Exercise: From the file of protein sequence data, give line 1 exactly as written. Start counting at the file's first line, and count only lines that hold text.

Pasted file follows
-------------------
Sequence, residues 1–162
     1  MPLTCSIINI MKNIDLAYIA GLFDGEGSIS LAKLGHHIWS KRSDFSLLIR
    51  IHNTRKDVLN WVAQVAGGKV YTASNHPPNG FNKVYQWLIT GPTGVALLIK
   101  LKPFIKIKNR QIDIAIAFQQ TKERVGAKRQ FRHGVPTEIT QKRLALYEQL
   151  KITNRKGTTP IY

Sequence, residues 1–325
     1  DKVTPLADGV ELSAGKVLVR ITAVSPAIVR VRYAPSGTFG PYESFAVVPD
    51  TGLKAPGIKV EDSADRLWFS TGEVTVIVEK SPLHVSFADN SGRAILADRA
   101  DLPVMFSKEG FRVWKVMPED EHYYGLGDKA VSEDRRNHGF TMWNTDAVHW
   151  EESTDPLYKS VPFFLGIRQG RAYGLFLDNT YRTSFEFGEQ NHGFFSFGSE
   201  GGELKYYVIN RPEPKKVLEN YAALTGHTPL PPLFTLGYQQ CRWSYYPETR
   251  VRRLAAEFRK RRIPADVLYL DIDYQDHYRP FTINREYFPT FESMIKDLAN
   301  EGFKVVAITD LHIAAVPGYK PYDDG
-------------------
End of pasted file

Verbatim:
Sequence, residues 1–162